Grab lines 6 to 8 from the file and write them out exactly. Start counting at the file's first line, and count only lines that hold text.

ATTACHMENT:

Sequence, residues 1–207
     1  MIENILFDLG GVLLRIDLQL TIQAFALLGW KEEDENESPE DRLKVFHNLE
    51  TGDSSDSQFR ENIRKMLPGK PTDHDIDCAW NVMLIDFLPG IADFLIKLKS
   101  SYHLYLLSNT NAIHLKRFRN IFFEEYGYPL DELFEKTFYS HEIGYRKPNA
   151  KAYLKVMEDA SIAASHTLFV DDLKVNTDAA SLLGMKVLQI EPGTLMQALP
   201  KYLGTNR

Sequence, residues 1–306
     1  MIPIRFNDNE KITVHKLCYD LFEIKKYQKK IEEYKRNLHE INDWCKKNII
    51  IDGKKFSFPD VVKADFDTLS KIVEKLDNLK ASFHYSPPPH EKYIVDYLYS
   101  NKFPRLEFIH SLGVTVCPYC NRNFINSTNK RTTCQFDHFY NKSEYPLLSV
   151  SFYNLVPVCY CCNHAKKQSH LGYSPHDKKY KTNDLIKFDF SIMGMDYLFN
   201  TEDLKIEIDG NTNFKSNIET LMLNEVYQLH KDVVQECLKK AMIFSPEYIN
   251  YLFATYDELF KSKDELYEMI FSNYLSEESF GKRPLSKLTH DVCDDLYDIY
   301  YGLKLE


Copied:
   201  KYLGTNR

Sequence, residues 1–306
     1  MIPIRFNDNE KITVHKLCYD LFEIKKYQKK IEEYKRNLHE INDWCKKNII